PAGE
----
I think it’s also important the mind and action work together. Many people want to be sustainable and think about doing so, but it doesn’t help matters if they’re not actually acting sustainably. It goes along with the common used phrase, “Easier said than done.” It’s easier to say you’re green than to act green. It’s easier to think about sustainability than to be sustainable. To think and put your thoughts into action is what matters but also requires a little effort.
My biggest fear is that this green movement we all seem to be currently riding will eventually die out. Being sustainable is the popular culture phenomenon right now but does it have an expiration date? I know it’s an oxymoron to use sustainability and expiration in the same sentence but I have to wonder. This is why I included the words timeless and relevant in my definition. Sustainability needs to be both of these in order to successfully outlive this green wave of popularity to continue into future generations.
Filed under: Energy + Climate, J840 Week 5, Waste + Recycling | Tags: sustainability definition
Through my class readings and discussions I’ve concluded there is a single definition for sustainability. While Bob Doppelt includes an encyclopedia definition in “Leading Change Toward Sustainability” he goes on to say the companies that lead in sustainability must be lucid in their efforts to understand the end sustainable goals. While Doppelt says sustainability means to use a resource so that the resource is not depleted or permanently damaged, a Washington University microsite from 1999 defines sustainability the same way, “Sustainability means using methods, systems and materials that won’t deplete resources or harm natural cycles.”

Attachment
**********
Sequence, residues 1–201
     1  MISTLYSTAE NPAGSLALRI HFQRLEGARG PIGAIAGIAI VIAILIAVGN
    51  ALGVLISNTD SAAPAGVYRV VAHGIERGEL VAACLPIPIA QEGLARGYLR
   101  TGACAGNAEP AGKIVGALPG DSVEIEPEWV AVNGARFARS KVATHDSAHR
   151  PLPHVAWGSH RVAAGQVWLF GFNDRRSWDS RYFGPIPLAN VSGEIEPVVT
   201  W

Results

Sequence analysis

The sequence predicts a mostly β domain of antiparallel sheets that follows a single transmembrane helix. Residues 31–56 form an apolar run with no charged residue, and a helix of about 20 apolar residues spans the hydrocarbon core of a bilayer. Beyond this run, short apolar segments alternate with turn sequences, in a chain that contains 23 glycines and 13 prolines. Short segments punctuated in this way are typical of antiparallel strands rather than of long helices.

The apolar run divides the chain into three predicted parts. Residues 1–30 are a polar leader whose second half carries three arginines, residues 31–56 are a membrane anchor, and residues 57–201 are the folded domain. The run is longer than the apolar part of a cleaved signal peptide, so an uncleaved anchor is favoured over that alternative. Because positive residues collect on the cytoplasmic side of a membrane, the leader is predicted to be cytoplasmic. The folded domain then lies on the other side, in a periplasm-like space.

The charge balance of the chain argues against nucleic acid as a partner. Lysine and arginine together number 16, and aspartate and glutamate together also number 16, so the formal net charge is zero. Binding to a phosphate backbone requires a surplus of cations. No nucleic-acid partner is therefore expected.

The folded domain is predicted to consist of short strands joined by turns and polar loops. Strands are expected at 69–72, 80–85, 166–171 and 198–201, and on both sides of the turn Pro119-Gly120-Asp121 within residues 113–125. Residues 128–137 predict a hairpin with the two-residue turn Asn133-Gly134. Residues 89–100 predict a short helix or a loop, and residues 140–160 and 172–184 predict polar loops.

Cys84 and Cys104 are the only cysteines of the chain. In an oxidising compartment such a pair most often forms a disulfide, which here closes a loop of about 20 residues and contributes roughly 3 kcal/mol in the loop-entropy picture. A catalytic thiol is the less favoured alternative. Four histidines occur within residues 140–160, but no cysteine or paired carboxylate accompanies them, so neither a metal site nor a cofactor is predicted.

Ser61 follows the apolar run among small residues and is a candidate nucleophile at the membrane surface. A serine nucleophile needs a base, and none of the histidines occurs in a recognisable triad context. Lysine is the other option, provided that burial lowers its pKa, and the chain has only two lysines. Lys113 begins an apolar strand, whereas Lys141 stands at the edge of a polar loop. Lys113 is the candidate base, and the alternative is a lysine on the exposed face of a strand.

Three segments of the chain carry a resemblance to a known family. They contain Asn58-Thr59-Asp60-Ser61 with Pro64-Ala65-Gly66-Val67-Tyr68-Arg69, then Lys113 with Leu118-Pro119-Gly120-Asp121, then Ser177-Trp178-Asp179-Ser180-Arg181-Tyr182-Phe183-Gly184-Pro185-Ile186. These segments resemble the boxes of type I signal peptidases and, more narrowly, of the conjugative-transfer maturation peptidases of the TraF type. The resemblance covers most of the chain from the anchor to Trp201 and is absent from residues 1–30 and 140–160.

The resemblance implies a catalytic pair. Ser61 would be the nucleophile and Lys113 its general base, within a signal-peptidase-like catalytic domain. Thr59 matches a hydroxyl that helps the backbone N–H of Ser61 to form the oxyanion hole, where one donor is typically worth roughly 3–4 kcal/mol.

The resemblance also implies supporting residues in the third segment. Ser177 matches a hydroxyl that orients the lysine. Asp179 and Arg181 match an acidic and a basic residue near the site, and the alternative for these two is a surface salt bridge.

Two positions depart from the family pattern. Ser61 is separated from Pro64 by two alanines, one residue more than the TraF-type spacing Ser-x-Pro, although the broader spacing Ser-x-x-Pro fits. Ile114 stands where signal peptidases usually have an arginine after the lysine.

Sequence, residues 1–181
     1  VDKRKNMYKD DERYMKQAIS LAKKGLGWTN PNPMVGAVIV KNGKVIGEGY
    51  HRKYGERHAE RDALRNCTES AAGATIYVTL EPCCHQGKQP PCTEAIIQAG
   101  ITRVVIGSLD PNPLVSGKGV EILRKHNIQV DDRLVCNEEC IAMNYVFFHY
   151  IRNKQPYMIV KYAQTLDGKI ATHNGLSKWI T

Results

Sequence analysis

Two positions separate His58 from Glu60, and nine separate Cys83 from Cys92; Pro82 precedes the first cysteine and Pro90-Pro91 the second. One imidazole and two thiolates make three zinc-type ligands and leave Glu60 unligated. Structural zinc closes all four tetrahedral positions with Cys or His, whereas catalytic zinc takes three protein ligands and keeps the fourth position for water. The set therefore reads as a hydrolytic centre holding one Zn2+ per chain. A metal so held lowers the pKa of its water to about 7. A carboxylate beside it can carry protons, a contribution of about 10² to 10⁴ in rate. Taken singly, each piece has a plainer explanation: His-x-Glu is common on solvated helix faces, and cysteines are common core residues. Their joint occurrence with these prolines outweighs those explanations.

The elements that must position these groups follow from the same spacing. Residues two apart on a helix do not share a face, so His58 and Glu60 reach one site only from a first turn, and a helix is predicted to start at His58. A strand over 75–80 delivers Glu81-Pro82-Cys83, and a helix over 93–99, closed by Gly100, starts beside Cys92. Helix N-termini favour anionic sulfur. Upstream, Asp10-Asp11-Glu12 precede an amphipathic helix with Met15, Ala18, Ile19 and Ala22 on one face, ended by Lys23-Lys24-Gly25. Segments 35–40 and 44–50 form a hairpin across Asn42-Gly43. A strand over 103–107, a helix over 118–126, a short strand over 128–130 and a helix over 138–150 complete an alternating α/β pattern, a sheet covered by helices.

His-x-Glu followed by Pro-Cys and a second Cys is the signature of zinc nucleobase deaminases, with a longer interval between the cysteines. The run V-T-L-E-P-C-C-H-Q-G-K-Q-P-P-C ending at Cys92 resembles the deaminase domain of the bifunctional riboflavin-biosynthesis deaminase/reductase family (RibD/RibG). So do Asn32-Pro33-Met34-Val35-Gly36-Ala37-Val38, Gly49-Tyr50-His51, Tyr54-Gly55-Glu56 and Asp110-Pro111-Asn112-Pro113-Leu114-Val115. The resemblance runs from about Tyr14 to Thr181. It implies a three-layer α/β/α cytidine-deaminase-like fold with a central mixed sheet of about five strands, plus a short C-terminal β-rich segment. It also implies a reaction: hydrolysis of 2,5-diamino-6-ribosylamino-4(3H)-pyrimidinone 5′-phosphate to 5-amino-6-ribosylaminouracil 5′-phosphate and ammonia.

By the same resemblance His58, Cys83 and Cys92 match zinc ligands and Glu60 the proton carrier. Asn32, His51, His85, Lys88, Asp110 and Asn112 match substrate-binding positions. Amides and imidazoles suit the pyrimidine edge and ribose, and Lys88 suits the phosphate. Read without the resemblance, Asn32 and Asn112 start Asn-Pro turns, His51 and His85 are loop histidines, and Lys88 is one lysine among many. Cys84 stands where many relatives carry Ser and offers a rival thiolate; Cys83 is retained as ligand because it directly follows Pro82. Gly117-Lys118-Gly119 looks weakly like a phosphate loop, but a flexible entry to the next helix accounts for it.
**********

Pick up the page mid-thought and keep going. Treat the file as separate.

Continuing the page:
I could go on but all definitions I found for sustainability said the same thing. My definition of sustainability is to buy, build, recycle or throw away those materials that will not harm environmental systems. I think this definition can encompass a variety of sustainable initiatives including building (LEED, materials chosen, using solar panels, rain buckets, etc.) buying organic or sustainable products in both business and consumer levels, throwing away only those materials that cannot be recycled or reused in a safe manner that doesn’t harm the environment.
My definition helps define the grey areas green sustainability still has within the public. While the term sustainability has a defined definition because, the term “green’ does not. ‘Green’ is a catch all phrase that is wishy-washy in my opinion. Anything that is considered sustainable should be specific, i.e., all materials used for the product should be recyclable or used to decrease the harm within the environment.
Anything that is labeled ‘green’ should not be considered sustainable because many green products are only partially environmental friendly. For example, Starbucks’ coffee cups are only 10% recycle and some communities do not have the ability to extract the recyclable part from the non-recyclable part so they throw the cups away. Hybrid cars, should also be considered green (verses the 100% electric cars) because the products the car is created out of are non-recycle and the majority of these products cannot be re-used.
The point of this tirade is to say my sustainability definition should be all or nothing- sustainable products should be 100% recyclable and environmentally friendly whereas green-labeled products are partially environmentally friendly.
I think these are fair definitions but some people may disagree. Do you?